The postanaesthetic care period, there can be respiration failures and reasons of hypoxia, pneumothorax, pulmonary edema, pulmonary aspiration, and secretion, obstruction with blood and clot and bronchospasm.(5) Pulmonary emboli (PE) should also be considered for the patients in the risk group as another reason.
As to the woman in the same age group, it is stated that the thromboembolism incidents increases by 5 times in the pregnancy.1 Physiological and anatomical changes in the pregnancy are as a decrease venous turning as a result of venous repletion and volume increase. Hypercoagulability, stasis and endothelial injury are the three factors for the venous thromboembolism and these can be seen in the physiological process of the pregnancy.6 The reasons for them are hormonal as a result of progesterone and estrogen increase and they are more obvious in the progressive trimester.1 Another reason is that the growing uterus mechanically obstructs the pelvic veins. Coagulation factors increase in the pregnancy, coagulation inhibitors decrease and fibrinolotic capacity decrease and this causes hypercoagulability.7 It is also stated that the thrombocyte activity rises in the pregnancy. Birth, however, because of the press by the surgery or surgery devices, causes vascular injury and changes in the uteroplasental surface. The risk of venous thromboembolism can increase in the cases of preterm birth, preeclampsia, hemorrhage, sepsis, birth with intervention of cesarean and multiparity.1 It is thought that the risk factor increases especially in the third trimester and postpartum period. The risk of venous thromboembolism increase by 5-10 times in the pregnancy. This risk reaches it maximum level especially after the delivery.(8)
It is informed that the risk factor about DVT in the pregnancy is less than 35 age, long time bed rest and inactivity, pelvis or leg trauma and obesity. Additional risk factors are cesarean birth, hemorrhage, multi-parity, varicose veins, previous thromboembolic incidences, hereditary or acquired thrombophilia and preeclampsia.(9,10,11) DVT affects 71 of every one hundred thousand pregnant.(12)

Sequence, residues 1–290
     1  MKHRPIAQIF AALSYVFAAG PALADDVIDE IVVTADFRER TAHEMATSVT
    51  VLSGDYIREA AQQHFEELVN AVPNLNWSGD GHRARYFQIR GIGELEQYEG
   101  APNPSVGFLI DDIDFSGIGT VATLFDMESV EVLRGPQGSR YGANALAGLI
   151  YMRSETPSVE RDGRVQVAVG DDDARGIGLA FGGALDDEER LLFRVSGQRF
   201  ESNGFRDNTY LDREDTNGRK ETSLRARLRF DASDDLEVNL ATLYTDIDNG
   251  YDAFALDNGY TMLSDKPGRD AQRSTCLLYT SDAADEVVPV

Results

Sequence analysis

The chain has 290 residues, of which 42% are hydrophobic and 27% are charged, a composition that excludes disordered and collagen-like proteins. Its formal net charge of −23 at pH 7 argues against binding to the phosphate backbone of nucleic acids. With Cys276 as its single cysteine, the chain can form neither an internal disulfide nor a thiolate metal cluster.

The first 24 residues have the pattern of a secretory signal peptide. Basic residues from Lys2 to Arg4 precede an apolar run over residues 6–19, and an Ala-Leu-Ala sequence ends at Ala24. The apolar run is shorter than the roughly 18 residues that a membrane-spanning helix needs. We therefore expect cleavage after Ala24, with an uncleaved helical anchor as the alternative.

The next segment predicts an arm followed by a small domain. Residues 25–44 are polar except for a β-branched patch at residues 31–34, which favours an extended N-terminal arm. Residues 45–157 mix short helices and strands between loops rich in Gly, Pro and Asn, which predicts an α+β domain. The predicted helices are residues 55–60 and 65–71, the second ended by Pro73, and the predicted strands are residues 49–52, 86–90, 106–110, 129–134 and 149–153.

The case having thromboembolic illness in the history, hematological illness as thalassemia intermedia is the additional risk factors for deep vein thromboses. By adding the factors such as pregnancy and birth with cesarean, the risk of PE increased for the case. It must be very careful in the peripartum period and especially intrapartum and postpartum periods. It is stated that DVT increases in the left leg in the pregnancy.12 The fact that the DVT developed in the left leg in the case supports that information.
Although it develops uncommonly, PE has importance because of maternal mortality and morbidity. PE incidence is stated 1/1000-2000 for some and 1/2500-10.0001-12 for others. Source of the emboli is known as proximal veins in the leg or pelvis or calf veins by many researchers.(13 ) The most important factor in its etiology is the move of thrombus in the active peripheric veins. Detection of the PE can be difficult because of the various findings. Thorax diagram, electrocardiogram (ECG), sensitivity of the blood gas tests and specification are not enough in the routine laboratory studies. Most commonly reported findings of the PE are dyspnea, tachypnea and pleural based chest pain. Findings and symptoms such as anxiety, cough, and ral in the lungs are found approximately in the half of the patients.1 ECG, thorax diagram, analysis of blood gas supports the diagnosis and helps to separate from other reasons in the etiology. Ventilation/perfusion scintigraphy is also suggested to support the diagnosis. Some non-specific abnormalities such as increase in hemidiaphragm, consolidation, unilateral pleural effusions, atelectasis can be seen in the PE patients. Decrease of the arterial oxygen pressure can be seen in the case of PE but it is not specific.
Dyspnea and tachypnea and hypoxia are seen in our case in the postoperative collection unit. Findings of hypocapnia and hypoxia were the supportive blood gas findings for pulmonary emboli. For the reason that the monitoring the lung diagram did not support the finding, contrast spiral lung tomography was taken and PE pre-diagnosis was supported. Some conditions such as pneumonia, atelectasia causing hypoxia must be thought in the distinctive diagnosis. These possibilities can be excluded by lung diagrams and spiral thorax CT. Finding of deep vein thrombus may not be remarkable every time and the diagnosis of PE can be difficult. But the early detection is important, it must be diagnosed without delay and treatment must be started.(15)